Also not getting enough mention: This is an incredibly funny movie; there's a sequence involving David and his brother Ross (Bob Odenkirk) stealing something from a barn that may have resulted in the hardest I've laughed all year, and that's especially impressive since it doesn't do any damage to the more serious material director Alexander Payne and writer Bob Nelson surround it with. Another bit of fine balancing of tone is how they can include David's hilarious dimwit cousins as just one gradation of relatively unsophisticated small-town folks, while others are sweetly down-to-earth and still more somewhere in between.

I like the black-and-white photography Payne and cinematographer Phedon Papamichael use, as well. The movie doesn't need it, but it helps maintain the feel that not much has changed in Woody's Nebraska hometown since his family left for Billings, Montana decades ago by not having the other ensuing color palettes intrude. It gives the whole story about coming home the feel of a flashback without ever uprooting itself from the present, and looks nice as well.

Kids for Cash
Jack Ryan: Shadow Recruit

Tuesday, January 21, 2014


I don't get to the monthly Goethe-Institut screenings at the Coolidge nearly as often as I would like - the prospect of walking there or catching the 66 bus in time for an 11am Sunday morning show can seem like no big deal when I first see the listing but somehow become out of reach between going to bed Saturday night and waking up the next day. This one turned out different because I didn't stay up particularly late the night before - after all, how often does a German Western hit the screen?

I should correct that, though. For one thing, contemporary German cinema seems to be under-represented even in American boutique houses despite the fact that it has a long and distinguished history (which means it can sometimes be easier to see German films from the silent era than today). For another, the listings can occasionally be decidedly offbeat; a recent movie that looked like yet another period artist biography was also described as a comedy. That's not always or even often the case, as the Institut promotes German culture and a classy movie about fine art can be a two-for-one deal on that account, but there are surprises to be found.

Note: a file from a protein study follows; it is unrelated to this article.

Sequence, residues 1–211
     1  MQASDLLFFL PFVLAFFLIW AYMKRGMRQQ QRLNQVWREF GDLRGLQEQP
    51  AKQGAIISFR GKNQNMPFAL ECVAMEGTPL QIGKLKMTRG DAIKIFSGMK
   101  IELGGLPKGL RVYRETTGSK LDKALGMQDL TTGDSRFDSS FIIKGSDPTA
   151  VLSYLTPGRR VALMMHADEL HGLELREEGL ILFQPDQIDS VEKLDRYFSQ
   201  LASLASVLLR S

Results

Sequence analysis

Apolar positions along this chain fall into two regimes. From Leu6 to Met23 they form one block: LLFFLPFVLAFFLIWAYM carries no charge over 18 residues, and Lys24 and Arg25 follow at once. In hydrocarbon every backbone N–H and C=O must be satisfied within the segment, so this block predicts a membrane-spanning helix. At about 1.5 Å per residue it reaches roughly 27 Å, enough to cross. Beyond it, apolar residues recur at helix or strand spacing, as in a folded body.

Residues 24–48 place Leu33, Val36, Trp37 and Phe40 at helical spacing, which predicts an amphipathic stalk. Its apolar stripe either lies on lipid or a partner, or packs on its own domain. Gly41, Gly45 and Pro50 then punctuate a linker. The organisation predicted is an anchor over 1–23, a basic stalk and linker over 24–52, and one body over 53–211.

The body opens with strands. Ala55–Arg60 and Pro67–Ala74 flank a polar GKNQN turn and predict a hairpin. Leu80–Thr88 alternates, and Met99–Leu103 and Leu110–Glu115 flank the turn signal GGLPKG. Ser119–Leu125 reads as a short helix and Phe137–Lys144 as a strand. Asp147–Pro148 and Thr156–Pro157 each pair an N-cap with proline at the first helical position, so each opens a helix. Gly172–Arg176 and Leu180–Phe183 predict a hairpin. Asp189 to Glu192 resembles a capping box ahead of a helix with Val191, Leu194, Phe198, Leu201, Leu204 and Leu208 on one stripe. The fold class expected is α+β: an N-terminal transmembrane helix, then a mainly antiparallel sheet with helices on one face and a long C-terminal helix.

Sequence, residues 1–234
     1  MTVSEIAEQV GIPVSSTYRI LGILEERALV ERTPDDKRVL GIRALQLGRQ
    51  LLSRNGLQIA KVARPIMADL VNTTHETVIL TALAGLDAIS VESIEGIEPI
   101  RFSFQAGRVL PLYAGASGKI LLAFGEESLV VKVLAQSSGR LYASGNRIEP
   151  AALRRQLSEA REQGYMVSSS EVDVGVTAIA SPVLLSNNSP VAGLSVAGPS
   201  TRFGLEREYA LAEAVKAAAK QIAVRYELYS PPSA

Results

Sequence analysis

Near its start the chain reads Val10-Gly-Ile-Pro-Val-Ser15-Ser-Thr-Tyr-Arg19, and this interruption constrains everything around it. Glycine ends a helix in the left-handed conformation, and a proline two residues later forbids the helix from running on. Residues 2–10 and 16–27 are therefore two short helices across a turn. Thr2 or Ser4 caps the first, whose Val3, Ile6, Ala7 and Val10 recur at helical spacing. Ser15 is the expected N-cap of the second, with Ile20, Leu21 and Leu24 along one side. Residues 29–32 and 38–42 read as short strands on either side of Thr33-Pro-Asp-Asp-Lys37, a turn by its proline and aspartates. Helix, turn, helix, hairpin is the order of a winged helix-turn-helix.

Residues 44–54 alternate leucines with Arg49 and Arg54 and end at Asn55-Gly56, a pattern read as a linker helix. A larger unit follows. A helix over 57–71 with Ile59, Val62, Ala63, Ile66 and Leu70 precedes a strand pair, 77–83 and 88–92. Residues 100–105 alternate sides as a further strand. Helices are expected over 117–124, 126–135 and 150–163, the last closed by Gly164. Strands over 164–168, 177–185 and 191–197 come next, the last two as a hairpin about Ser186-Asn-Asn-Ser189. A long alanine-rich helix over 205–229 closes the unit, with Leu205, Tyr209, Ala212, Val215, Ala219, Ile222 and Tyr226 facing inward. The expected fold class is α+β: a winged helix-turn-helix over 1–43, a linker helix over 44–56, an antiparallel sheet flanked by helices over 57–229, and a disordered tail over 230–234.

Plus, it's a pretty good deal: Five bucks for the kind of "special screening" that usually runs a bit more expensive than a theater's regular bookings. Couple that with Gold, at least, being projected from a pretty nice DCP as opposed to the DVD or Blu-ray sources that have been used for this sort of screening in the past, and there is not much trade-off unless you have an unhealthy aversion to subtitles. Sometimes it winds up being a preview of a film that will play the Kendall or Coolidge later, other times something that doesn't show up on Region 1/A video at all.

(You also get the chance to watch the movie with a fair amount of its target audience, as many there will be German students, immigrants, out the like. That's always neat, as audience reaction can give you a bit more of an idea of what the movie is trying to do when you might otherwise find it ineffective because of your foreign perspective.)

I didn't catch the title of their February selection, and it hasn't yet appeared on the Coolidge's website. I may not wind up going, but I suspect that I'll at least be likely to overlook it or just dismiss it without much thought.

As an aside: I decided to try an experiment and compose this review and blog post on my tablet as opposed to my laptop, and I don't know whether it is damning with faint praise or revealing a silly bias to say that it went much better than expected. I still think typing on a real keyboard is much easier, but Swype gets the job done much faster than the hunt-and-peck my phone reduced me to before I upgraded the keyboard software there too. In addition, I was able to plug away at it in the kitchen, on the subway, and in the bus seats without the extra legroom (both because of the size and because the time from hitting the power button to Quickoffice being up and running is about four seconds). Because I don't have 3G/4G on this Nexus 7, it's got the same advantage/drawback of writing on the laptop - no distractions, but you've got to preload any pages you want to reference while writing disconnected - with the additional caveat that the Android tablet version of the IMDB app can make bringing up the page you want harder than necessary.

Is this going to be the new way I write from now on? Not on a regular basis; entering the HTML formatting is a pain and the keyboard let's me feel like I'm typing complete sentences/paragraphs rather than just going word-by-word. On the other hand, a device like this that fits in a largish pocket and doesn't drain nearly as fast as my phone seems like it could be a big help when covering festivals, especially if they've got free Wi-Fi available.